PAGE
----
Once lauded for building Columbia/HCA into the largest health care company in the world, Mr. Scott was ousted by his own board of directors in 1997 amid the nation’s biggest health care fraud scandal. The company’s guilty plea and payment of $1.7 billion to settle charges including the overbilling of state and federal health programs was taken as a repudiation of Mr. Scott’s relentless bottom-line approach.
“He hopes people don’t Google his name,” said John E. Hartwig, a former deputy inspector general at the Department of Health and Human Services, one of various state and federal agencies that investigated Columbia/HCA when Mr. Scott was its chief executive.
Conservative health care activists, while glad to have a potential ally willing to spend $5 million out of his own pocket, are not fully embracing Mr. Scott, noting that he is entering a changed landscape in which some Republicans and industry groups that opposed President Bill Clinton’s health care proposals now view some form of change as necessary and inevitable.
“At the end of the day, they may come up with something we like,” said John C. Goodman, a leading conservative health care policy expert. “We shouldn’t just assume that this is something horrible — if this is something horrible, we will be against it.”
“There is no Obama plan that’s been made public yet, so what’s the point of running ads?” Mr. Goodman added. “I don’t see that you gain anything except attention for Rick Scott.”
Some former allies are more hostile toward Mr. Scott, painting him as counterproductive to their efforts for compromise.
“I just don’t understand why he would be a messenger people would listen to,” said Charles N. Kahn III, who was a senior executive with the insurance industry group that ran the “Harry & Louise” advertisements credited with helping to kill the Clinton plan 15 years ago but who is working for a deal now. “I don’t think people are waiting to hear from him.”
Mr. Kahn, a Republican, is now the head of the Federation of American Hospitals, a private-hospitals group.
Even the opposition to health care reform thinks Rick Scott doesn't deserve the airtime he buys! And this is coming from a movement that puts out (maybe) no-degree Sally Pipes and conflict-of-interest Betsy McCaughey as "experts" on health care reform.
Not all conservatives have gotten the message. Scott has had meetings with Rep. Burgess from Texas and he was invited by Republicans to testify before Congress late last month, where he repeated the old socialized medicine lie:
Conversely, while moving towards a single payer or universal health care system could guarantee access to all, it would do so at a terrible cost. It would strip patients of the power to make their own medical decisions, put government bureaucrats in charge of rationing care and force patients onto long waiting lists for the care they can receive.
The media goes down this road, too, as Karl Frisch from Media Matters explains in his latest column:
Turn on cable news or talk radio and you're likely to hear a conservative host, right-wing pundit, or Republican elected official accuse President Obama and the Democratic Congress of just about every "-ism" in the book.
Socialism, Marxism, Leninism, fascism, Nazism, Stalinism, Maoism — few, if any, "-isms" have been spared as the right escalates its daily verbal assault on the progressive agenda.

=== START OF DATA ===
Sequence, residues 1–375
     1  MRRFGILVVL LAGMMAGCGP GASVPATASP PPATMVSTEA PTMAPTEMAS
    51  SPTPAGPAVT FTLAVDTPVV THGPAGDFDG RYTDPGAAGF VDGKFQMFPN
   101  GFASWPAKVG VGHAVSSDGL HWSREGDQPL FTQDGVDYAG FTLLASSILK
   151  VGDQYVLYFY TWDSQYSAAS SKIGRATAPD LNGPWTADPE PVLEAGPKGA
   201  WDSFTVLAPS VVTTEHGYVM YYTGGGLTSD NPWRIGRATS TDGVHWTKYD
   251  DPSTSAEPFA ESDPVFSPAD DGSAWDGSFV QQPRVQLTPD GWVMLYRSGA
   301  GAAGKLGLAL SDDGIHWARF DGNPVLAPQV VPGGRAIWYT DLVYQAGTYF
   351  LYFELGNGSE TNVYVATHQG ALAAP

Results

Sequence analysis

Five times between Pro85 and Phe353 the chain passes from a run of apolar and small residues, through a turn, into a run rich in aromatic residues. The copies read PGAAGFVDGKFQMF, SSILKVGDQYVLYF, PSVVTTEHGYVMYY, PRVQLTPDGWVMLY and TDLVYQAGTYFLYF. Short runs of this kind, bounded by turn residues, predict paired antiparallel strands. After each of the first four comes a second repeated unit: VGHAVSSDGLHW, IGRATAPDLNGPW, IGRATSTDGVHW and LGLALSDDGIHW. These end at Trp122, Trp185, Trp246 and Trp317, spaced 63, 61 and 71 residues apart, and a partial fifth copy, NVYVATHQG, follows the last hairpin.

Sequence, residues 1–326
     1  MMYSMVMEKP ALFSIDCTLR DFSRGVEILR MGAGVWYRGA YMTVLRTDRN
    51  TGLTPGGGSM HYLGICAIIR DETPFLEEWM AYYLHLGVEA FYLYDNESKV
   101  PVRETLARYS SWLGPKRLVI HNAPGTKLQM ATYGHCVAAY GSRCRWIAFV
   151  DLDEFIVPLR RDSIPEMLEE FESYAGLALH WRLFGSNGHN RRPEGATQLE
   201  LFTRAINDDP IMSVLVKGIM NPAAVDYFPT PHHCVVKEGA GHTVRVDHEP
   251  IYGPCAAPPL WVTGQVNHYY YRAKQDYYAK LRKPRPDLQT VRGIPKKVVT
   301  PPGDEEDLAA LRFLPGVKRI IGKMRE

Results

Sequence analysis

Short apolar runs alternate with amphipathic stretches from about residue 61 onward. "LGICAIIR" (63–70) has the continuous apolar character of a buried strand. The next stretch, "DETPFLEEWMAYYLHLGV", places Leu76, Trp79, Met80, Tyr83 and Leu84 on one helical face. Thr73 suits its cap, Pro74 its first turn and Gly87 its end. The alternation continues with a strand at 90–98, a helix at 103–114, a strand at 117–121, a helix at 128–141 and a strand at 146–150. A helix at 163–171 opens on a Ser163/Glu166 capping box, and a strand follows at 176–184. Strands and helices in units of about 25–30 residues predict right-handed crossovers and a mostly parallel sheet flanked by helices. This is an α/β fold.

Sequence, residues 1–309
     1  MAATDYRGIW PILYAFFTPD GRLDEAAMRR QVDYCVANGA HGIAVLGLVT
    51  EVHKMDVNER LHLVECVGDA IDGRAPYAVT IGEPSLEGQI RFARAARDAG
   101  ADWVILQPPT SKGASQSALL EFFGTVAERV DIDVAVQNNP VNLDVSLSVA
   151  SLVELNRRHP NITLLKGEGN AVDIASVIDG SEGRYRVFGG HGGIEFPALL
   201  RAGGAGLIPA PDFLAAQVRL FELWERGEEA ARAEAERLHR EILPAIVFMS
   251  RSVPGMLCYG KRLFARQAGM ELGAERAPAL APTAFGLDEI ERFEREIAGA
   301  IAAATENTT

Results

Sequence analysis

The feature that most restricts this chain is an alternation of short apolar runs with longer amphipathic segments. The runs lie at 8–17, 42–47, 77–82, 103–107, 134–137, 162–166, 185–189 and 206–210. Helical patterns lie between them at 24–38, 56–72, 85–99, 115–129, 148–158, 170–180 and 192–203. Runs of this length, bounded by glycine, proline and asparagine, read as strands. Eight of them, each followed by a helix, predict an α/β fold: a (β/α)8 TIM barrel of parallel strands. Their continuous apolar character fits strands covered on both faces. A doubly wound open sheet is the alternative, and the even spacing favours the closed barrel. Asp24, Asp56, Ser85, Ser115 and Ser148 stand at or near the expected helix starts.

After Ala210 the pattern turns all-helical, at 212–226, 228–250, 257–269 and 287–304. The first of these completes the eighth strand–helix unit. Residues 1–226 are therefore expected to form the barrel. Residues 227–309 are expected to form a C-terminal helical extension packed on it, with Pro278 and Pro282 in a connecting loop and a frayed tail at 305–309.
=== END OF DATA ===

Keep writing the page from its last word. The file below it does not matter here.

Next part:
In fact, according to a search of broadcasts on TVEyes.com, since Obama's inauguration in January, these terms and others like them have been thrown around on cable news at least 3,000 times. Add conservative talk radio and the nation's newspaper op-ed pages to the mix and watch that figure grow like a well-watered, limited edition Bill O'Reilly Chia Pet.
Of course, as Frisch points out, President Obama's health care plan isn't anything close to socialized medicine:
Simply put, health-care reform that leaves the for-profit health insurance industry intact, reform that leaves doctors and other medical professionals free to offer their services outside of a government system, reform that leaves citizens free to choose a private health-care plan over a government plan simply can't be described honestly as "socialized medicine."
As the Urban Institute put it last year, "socialized medicine involves government financing and direct provision of health care services," and therefore, progressive health-care reform proposals do not "fit this description."
The truth, of course, isn't really going to stop conservatives from lying. It never has and never will. But, there is hope this time around. At a basic level, the fact that 61% of Americans want a choice of a public or private health insurance plan means America is behind President Obama and doesn't believe we're going to end up with socialized medicine.
The question is, will Congress listen to the American people?
Once again, there are signs of hope. Jane Hamsher at Firedoglake reports that a group of progressive Senators is organizing to ensure America has that choice:
Last week I heard from a reliable source that a group of progressive Senators will band together to demand that provisions for a public plan be included in any health care bill. Evidently they are tired of Evan Bayh and his corporatists controlling the terms of the debate, or that the opposition of Baucus and Grassley on the Finance Committee should determine the public plan's fate.
This is a huge development, and exactly what we need to see if we are to get real health care reform, with a choice of a public health insurance plan, passed through Congress. Bayh and the "centrists" and the opposition like Chuck Grassley need to know not only that the American people want what President Obama proposed during the campaign, but that their colleagues in Congress want it, too, and are working to ensure it happens.